Hope Stone Dance's Lemonade Stand: i scream, running Friday and Saturday, was originally scheduled to be at the Photo Booth, the site of previous Drive By Dance performances. Those plans changed unexpectedly and the group scrambled to mount the show in another space. "I was going to do a fishbowl dance originally," says choreographer Jane Weiner. "Now it's in a 15,000-square-foot space."
Weiner admits the size and shape of the new venue influenced the production, but says it didn't change its basic goal: to break through the fourth wall in dance performance. "With my Lemonade Stands, I continue to break down the proscenium." Weiner says she tries to balance doing something new and different with doing something that's accessible to audiences. "I want to do something that brings people back into a theater to watch dance and to enjoy dance. (Other artists) are purposely provocative. I don't think I'm provocative. I feel like I'm early Apple -- I want to be user-friendly so that people aren't scared to come to a performance. I want to do work that people don't come out of the theater saying, 'What was that about?' I want them to know that it can be about anything."
The soundtrack for i scream is a happy amalgamation of odd, errant sounds and seemingly unrelated music. "We've got music being played on [traditional] Swedish instruments; we've got music from college that's come back to haunt me. I'm using a new composition by...Mike Wall. We've got something from Kurt Weill, who sounds like a German mad scientist that decided to sing in his lab one day. Pearl Bailey is in there and so is the Oakland Marching Band."
See Lemonade Stand: i scream at 7 p.m. Friday and Saturday. Art Square Studios, 2327 Commerce. For information, call 713-526-1907 or visit the Hope Stone website. Pay-what-you-like.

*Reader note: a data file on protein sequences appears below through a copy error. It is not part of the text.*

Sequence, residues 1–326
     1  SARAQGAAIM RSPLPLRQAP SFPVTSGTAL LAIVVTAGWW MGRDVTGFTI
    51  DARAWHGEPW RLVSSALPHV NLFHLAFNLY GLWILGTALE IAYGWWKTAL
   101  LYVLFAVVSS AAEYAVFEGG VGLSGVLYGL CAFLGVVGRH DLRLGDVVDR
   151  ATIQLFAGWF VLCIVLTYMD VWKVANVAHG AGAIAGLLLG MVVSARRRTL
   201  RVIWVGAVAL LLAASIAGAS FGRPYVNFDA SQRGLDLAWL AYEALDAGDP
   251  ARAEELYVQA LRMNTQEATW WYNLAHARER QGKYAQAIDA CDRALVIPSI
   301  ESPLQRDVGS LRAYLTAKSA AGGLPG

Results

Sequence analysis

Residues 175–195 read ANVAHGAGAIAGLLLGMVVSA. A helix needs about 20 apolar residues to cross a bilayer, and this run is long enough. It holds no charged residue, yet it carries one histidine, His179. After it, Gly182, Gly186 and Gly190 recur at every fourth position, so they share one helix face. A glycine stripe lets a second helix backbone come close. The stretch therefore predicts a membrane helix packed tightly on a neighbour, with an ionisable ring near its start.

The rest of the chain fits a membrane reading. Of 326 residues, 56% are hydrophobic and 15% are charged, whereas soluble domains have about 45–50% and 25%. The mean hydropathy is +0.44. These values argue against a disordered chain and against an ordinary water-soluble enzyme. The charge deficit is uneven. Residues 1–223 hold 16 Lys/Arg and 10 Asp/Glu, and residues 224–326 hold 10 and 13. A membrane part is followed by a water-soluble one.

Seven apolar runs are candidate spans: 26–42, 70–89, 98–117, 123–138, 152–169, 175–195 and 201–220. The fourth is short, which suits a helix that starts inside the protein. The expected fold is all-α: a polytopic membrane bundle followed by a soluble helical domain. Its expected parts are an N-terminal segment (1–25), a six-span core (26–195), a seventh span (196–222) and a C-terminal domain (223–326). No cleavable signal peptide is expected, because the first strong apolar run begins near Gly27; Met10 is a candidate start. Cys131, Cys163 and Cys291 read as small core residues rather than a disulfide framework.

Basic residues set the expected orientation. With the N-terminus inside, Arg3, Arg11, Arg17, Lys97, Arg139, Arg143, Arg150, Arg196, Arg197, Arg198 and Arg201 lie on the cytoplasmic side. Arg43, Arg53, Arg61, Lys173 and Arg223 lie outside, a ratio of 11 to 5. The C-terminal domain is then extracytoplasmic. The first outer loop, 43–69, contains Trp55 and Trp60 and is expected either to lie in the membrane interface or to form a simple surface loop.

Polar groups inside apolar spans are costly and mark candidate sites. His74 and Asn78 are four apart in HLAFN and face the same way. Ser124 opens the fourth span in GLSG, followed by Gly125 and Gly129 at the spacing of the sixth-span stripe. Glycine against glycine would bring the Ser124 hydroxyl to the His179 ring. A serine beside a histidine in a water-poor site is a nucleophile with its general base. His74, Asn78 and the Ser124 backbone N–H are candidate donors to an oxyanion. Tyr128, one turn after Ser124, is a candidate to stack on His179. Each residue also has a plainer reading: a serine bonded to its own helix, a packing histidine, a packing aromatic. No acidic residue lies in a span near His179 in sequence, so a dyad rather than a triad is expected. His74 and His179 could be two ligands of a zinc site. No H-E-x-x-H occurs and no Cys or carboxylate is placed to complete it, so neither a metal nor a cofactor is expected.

Our first pick for Saturday is Maz Jobrani, a stand-up comedian of Middle Eastern descent, who often discusses during his show the angst that goes along with his heritage, but not in that whiny, Reza Aslan, FOX News-y kind of way. "Being Iranian American presents its own set of problems," Jobrani explained during a TED talk. "I was born in Iran, but now I'm an American citizen, which means I have an American passport, which means I can travel," he continues. "If you only have an Iranian passport, you're kind of limited in the countries you can go to with open arms -- like Syria, North Korea, Venezuela. I remember getting my American passport and thinking, 'Woo-hoo! I'm going to travel!' Then I opened it up and it said, 'Born in Iran,' and I'm like, 'C'mon, man! I'm trying to go places!'" Regardless of what his passport says, Jobrani, the founder of the Axis of Evil Comedy Tour, has indeed gone places: Previous Axis of Evil tours took him and other comedians of Middle Eastern heritage beyond the United States to sold-out shows in Dubai, Beirut, Cairo, Kuwait and Amman.
Join Maz Jobrani at 8 and 10:30 p.m. Friday, 7 and 9 p.m. Saturday, 7:30 p.m. Sunday. Improv Houston, 7620 Katy Freeway. For information, call 713-333-8800 or visit the club's website. $25 to $40.